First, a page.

The congressional emphasis on austerity is most heavily concentrated in the Republican Party, which has been advocating deep spending cuts at every opportunity. On Sunday, House Budget Committee Chairman Paul Ryan (R-Wis.) continued the push to cut government spending, including the massive upcoming defense and social safety net cuts included in the sequester.
"I think the sequester is going to happen, because that $1.2 trillion in spending cuts -- we can’t lose those spending cuts. That was to pay for the last debt ceiling increase, let alone any future increase,"Ryan said on "Meet the Press."
But deficit-conscious Democrats, including President Obama, have taken many steps to fuel the austerity fire. Obama spent much of his first term rhetorically conceding to austerity in his talking points, saying that the government "can't create jobs," a point that he continued to make throughout his reelection campaign. In 2010, Obama froze federal worker pay, a move intended to signal his seriousness about implementing cuts.
In early January, Democrats and Republicans agreed to allow the payroll tax cut to expire -- functionally a 2 percent tax hike on American workers. That decision will suck $125 billion out of the economy and deal a 0.6 percent hit to GDP over the next year, according to JPMorgan economist Michael Feroli.
"It's certainly the case that the disappearance of the payroll tax holiday is a drag on the economy," Stone agreed.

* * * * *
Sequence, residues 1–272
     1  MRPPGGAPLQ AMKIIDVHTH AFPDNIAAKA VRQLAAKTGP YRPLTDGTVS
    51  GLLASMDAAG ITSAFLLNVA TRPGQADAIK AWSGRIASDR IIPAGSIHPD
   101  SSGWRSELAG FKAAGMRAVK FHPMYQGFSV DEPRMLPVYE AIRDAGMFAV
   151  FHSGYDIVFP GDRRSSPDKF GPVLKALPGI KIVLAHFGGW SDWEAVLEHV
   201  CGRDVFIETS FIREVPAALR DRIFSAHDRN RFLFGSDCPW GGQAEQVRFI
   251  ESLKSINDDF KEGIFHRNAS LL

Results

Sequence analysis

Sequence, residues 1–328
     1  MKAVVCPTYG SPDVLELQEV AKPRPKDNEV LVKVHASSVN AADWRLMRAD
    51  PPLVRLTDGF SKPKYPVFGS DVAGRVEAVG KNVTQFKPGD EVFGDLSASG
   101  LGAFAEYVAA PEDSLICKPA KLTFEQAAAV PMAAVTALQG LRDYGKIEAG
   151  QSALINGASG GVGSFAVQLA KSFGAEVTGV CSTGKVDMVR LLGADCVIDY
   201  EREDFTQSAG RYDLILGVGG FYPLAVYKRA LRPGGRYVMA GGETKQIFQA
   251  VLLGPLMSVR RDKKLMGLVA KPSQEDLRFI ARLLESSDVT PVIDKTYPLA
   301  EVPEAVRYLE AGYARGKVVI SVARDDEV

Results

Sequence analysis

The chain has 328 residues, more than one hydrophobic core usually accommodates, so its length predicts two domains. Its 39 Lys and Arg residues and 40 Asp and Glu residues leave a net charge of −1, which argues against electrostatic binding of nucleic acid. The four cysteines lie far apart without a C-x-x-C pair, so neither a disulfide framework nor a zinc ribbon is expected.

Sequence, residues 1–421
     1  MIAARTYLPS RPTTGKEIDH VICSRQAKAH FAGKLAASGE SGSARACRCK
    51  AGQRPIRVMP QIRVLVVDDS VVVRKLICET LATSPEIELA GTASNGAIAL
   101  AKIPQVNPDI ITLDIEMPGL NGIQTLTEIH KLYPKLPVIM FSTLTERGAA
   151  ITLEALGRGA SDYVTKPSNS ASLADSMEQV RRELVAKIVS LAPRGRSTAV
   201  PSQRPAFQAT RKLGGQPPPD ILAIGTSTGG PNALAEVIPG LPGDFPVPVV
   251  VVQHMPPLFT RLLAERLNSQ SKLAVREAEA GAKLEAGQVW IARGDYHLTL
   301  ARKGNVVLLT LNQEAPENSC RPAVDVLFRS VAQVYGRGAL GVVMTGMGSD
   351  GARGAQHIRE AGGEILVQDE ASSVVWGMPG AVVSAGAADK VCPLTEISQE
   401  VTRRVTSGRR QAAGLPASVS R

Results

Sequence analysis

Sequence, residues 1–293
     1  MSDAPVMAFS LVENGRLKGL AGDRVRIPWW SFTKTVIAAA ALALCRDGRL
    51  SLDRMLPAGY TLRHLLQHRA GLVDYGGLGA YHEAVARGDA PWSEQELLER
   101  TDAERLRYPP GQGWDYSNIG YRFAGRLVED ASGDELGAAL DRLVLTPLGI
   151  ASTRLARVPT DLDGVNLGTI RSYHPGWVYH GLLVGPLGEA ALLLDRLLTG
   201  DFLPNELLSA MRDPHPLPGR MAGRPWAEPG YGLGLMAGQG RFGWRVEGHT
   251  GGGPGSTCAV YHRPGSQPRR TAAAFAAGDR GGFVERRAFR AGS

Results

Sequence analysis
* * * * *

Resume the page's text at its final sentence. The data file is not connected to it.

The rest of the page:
That tax cut threatens to undermine one of the relatively bright spots in Wednesday's GDP report. As Alan Kreuger, chairman of Obama's Council of Economic Advisors, emphasized in a blog post, "Several private sector components of GDP continued to make positive contributions to growth in the fourth quarter. Personal consumption expenditures, the single largest component of GDP, increased by 2.2 percent." But the smaller paychecks resulting from the payroll tax increase will mean lower consumer spending numbers in 2013.
With serious fiscal support from Congress and Obama off the table, Washington has focused on peripheral -- and perhaps ultimately destructive -- efforts to create jobs.
In the fall of 2011, Obama pushed through free trade agreements with Panama, Colombia and South Korea, promising an increase in American exports. Exports to those three countries have declined since the deals were approved.
In April 2012, Obama and congressional Republicans celebrated the passage of "The JOBS Act," a corporate deregulation bill that both White House advisers and GOP leaders said would unlock economic growth.
Neither of these efforts has had any significant effect on the economy.
"The trade stuff was always a joke and everyone knew it. Giving them their best case, you were talking about incredibly trivial impacts on trade. In a best-case world, maybe the total increase in trade from these deals would be $50 billion a year in each direction (netting out near zero), and this would be over the course of a decade. You can't find that in the GDP numbers," said economist Dean Baker, co-director of the Center for Economic and Policy Research.
"The [JOBS Act and free trade deals], I would go with 'worthless jokes' as jobs legislation," said Josh Bivens, an economist with the liberal Economic Policy Institute.
"Growth has been sh***y," said Kevin Hassett, an economist with the conservative American Enterprise Institute.